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It can be hard to feel good about yourself as a caregiver. Today something happened that really bothered me. I took my mother to church and out to lunch. When I got home, she started talking about how I needed to get out and get a job. I told her I had a job working on the computer. She said that I needed a real job, maybe one like my SIL had gotten recently. I told her I made more than that, so why would I do that? Besides, working at home made it possible to be with them. I wouldn't have been able to do it otherwise.

She told me that it had been a mistake to take me in when they did, but that I didn't have anywhere else to go after the divorce. This was crazy, since I am not poor and could have gone anywhere. She had begged me to come home to take care of them so they could stay in their home. Believe me, it was no favor to me to come here.

Then she said that they hadn't needed me, that they would have done just fine without me. The past three years of cleaning, cooking, transporting, calling 911, settling my father's estate, doing all the legal and financial work, and devoting most of my waking hours to taking care of their needs were invalidated with that one statement. I don't know if she was protecting her own ego or if she is just delusional. All I could think is "You ungrateful ..."

I still feel angry about it. It is hard being a caregiver. It is even worse when the ones you care for have no idea of the sacrifices you've made and demote you to the level of pointless. It would be great to walk away tomorrow if she could make it on her own, but that would be a mess. She is not able to do anything but wake up and feed herself.

I sure get tired of her saying the things she does. I started feeling crazy, wondering if I had been valuable, or if she was right. Then I realized that what she had done was invalidated me -- a terrible thing to do to the only child who pays any attention at all.

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I did something tonight that was kind of fun and very illuminating. I took personality tests as my mother and myself. The scores on her test ranked her high on dependent, borderline, and histrionic characteristics. Those of mine ranked me high on obsessive-compulsive. I ranked very low on her main characteristics, and she ranked low on mine. It was so interesting to discover that she and I are as different as two people can be. No wonder we have conflict.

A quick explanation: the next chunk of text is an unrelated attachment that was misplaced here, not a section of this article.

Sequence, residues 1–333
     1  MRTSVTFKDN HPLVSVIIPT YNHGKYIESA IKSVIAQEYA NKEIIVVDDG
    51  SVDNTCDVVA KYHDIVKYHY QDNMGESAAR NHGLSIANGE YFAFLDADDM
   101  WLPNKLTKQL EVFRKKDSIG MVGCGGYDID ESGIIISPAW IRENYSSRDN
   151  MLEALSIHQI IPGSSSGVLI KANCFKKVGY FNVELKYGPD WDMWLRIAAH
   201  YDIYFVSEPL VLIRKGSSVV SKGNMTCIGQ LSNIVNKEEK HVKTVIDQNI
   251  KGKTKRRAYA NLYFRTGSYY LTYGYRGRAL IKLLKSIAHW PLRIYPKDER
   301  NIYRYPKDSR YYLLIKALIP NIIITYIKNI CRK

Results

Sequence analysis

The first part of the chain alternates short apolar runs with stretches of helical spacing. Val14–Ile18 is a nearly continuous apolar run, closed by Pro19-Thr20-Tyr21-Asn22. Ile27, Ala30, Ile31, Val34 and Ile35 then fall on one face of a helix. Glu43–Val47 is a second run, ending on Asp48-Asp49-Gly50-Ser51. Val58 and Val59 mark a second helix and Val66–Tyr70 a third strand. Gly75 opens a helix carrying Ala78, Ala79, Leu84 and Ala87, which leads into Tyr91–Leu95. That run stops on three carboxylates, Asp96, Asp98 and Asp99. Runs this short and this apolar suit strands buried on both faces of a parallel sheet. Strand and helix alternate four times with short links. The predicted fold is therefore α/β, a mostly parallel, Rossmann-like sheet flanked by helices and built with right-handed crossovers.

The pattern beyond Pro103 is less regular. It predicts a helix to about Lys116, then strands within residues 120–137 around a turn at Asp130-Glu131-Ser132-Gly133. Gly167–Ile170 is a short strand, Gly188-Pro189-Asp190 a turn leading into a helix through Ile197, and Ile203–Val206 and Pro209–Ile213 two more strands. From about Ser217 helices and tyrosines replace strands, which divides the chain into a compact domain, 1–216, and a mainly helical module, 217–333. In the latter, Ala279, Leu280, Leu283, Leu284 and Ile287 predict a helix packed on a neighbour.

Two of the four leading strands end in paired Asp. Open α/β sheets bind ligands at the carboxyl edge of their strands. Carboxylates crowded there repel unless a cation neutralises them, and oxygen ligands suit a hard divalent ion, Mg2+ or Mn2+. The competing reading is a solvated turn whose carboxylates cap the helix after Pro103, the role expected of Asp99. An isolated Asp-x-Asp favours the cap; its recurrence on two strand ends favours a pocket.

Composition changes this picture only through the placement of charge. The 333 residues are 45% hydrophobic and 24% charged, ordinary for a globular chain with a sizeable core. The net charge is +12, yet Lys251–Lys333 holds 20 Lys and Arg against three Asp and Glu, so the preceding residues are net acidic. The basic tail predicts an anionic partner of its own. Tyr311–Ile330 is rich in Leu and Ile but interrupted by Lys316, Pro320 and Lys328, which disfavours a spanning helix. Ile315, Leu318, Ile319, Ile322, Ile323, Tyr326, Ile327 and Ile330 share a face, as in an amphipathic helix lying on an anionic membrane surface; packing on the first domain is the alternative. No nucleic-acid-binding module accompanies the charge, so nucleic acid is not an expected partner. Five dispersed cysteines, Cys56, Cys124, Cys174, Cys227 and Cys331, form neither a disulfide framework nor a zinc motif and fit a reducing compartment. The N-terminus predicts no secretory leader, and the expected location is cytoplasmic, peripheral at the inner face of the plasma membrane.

This evening she got into it with me. I had paid the charge card online. It was high this month because of a couple of large, necessary charges. I don't like spending so much, so it always makes me uneasy. I told her how much it was and why it had been high. She started crying and got mad -- not at the amount of money spent, but at the talking about it. She said that finances were never discussed before going to bed. She made it sound like an old rule around the house. I doubt my father ever even discussed finances with her, so I doubt there were any rules at all. This didn't really bother me, but I just thought it bizarre. I had this thought that she needed to grow up. After doing the personality thing, I think what she was actually saying is that she wanted me to take care of everything like my father had done and not worry her with them.

Oh, gosh, she and I are the odd couple. She is a forgetful Oscar and I'm Felix. I'll have to keep that in mind. Maybe it will make it easier.
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Jb, no whiny child in ur post-instead a smart, strong woman processing feelings in a complex CG role. My mom was Queen of PD n has dementia, I felt ur pain. And such an ugly remark too from exiting spouse. Glad u saw the pattern there, but sorry u have had those who should treasure u, treat u so badly. I've read enough of ur posts to know u r smart n will arrive at a good decision. I love that we can come here w our feelings-thx for being open w yours. Hope there will be a few good moments tomorrow! Kim